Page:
(1) Department of Clinical Medicine, Hospital of Livorno, Viale Alfieri 36, 57124 Livorno, Italy
* Corresponding author Email: firstname.lastname@example.org
Since the introduction of low-molecular-weight heparins for safely treating deep vein thrombosis, outpatient treatment of this condition became a standard practice worldwide. Certain groups of patients were not represented in clinical trials of home treatment; however, they still need to be admitted. In deciding which patient to admit, physicians should take into account both comorbid clinical conditions and social, geographic and logistic constraints. Extension of venous thromboembolism (i.e., the presence of symptomatic pulmonary embolism, iliofemoral or caval thrombosis) and the risk of bleeding should also be included in the decision pathway. The aim of this critical review is to see if deep vein thrombosis can be treated at home or at hospital.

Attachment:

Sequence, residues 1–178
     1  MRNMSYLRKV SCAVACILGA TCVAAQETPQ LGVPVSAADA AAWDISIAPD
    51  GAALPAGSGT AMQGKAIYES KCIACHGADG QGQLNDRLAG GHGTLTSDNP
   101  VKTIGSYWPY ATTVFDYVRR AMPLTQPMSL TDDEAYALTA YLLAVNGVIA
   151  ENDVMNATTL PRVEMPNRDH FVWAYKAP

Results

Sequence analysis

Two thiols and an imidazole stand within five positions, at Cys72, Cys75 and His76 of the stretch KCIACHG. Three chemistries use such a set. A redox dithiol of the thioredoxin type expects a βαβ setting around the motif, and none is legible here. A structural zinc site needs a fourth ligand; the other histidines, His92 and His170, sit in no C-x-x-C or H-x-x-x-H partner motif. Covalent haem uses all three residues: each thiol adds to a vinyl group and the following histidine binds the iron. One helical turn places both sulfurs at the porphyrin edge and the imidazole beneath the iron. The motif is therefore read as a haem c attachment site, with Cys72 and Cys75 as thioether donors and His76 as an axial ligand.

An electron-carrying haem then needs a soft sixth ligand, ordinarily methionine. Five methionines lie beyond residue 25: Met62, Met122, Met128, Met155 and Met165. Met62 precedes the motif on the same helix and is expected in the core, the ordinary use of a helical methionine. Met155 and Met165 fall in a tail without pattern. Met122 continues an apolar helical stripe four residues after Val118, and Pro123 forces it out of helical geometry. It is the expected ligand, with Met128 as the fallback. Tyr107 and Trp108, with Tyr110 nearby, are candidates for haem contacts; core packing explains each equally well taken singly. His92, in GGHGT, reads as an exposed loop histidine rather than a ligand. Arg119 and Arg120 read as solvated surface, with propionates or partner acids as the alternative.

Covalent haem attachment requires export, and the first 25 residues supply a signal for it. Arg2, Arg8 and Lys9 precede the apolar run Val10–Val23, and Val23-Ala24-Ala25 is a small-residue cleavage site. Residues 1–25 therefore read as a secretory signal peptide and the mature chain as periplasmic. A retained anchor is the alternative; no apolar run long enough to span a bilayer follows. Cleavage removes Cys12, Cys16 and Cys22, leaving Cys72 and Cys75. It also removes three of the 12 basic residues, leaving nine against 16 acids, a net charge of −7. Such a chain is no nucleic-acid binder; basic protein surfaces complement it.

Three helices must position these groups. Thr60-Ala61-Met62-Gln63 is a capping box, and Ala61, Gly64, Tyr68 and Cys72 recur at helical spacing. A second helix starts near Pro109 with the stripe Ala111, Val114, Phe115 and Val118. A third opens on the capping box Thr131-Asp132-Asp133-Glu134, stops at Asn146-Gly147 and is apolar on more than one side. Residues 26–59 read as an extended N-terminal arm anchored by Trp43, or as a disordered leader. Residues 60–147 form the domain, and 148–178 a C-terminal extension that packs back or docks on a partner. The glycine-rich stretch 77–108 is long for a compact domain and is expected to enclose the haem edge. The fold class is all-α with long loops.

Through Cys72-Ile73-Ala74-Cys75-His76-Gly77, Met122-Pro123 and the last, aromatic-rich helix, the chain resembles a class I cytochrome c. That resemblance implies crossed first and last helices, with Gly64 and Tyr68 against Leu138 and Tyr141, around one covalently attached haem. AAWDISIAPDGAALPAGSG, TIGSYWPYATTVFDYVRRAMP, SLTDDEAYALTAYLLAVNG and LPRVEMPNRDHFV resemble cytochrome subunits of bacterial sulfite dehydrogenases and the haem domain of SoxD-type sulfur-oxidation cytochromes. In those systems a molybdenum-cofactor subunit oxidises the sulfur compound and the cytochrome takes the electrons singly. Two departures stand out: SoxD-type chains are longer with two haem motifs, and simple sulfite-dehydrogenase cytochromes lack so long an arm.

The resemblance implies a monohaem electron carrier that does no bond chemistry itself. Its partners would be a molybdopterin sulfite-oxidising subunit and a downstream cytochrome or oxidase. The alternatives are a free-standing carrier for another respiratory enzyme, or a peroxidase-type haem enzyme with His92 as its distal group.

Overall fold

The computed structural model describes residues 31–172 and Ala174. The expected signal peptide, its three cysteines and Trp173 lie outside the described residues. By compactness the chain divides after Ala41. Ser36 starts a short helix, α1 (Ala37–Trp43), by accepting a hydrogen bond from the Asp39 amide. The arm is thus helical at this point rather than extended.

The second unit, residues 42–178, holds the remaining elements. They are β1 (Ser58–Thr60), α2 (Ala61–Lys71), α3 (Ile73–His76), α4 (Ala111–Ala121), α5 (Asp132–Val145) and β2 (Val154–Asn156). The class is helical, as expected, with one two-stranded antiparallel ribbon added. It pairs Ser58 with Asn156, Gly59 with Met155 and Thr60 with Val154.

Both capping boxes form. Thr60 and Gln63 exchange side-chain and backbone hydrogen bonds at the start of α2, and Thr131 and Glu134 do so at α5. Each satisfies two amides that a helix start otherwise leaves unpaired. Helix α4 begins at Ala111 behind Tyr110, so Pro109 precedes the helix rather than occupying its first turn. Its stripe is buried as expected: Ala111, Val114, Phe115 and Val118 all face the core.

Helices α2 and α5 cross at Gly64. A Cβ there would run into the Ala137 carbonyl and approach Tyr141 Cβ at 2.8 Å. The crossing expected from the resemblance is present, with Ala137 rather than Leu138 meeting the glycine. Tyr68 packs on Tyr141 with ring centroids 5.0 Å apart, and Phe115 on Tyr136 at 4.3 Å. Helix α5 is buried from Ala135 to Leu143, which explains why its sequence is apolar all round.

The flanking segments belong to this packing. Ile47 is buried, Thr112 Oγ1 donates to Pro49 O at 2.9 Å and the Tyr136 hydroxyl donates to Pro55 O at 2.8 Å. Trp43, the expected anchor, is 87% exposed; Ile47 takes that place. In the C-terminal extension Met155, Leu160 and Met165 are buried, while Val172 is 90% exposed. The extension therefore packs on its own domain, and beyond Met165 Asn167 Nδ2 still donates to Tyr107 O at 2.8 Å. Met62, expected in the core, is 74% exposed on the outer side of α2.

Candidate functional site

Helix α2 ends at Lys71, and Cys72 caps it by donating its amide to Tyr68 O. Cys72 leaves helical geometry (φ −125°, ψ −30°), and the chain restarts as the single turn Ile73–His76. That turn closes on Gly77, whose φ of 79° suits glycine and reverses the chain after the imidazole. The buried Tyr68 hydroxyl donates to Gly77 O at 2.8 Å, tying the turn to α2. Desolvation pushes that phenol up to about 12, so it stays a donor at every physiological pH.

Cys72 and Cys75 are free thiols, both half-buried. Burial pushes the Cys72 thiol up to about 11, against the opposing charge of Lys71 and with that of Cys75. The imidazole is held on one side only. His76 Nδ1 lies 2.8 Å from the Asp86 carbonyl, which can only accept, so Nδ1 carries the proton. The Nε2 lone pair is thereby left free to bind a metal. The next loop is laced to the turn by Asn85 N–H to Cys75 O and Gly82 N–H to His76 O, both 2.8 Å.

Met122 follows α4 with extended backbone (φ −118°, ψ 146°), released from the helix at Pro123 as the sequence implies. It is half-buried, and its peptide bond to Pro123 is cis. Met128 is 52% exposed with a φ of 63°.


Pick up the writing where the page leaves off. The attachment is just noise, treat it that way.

Deep vein thrombosis can be treated outside a hospital setting safely, but this varies between individuals. Some people need to be admitted into a hospital as there is a high risk of bleeding or relevant comorbidities.
It is advisable to implement clinical pathways to support the decision of safely assigning patients to outpatient management.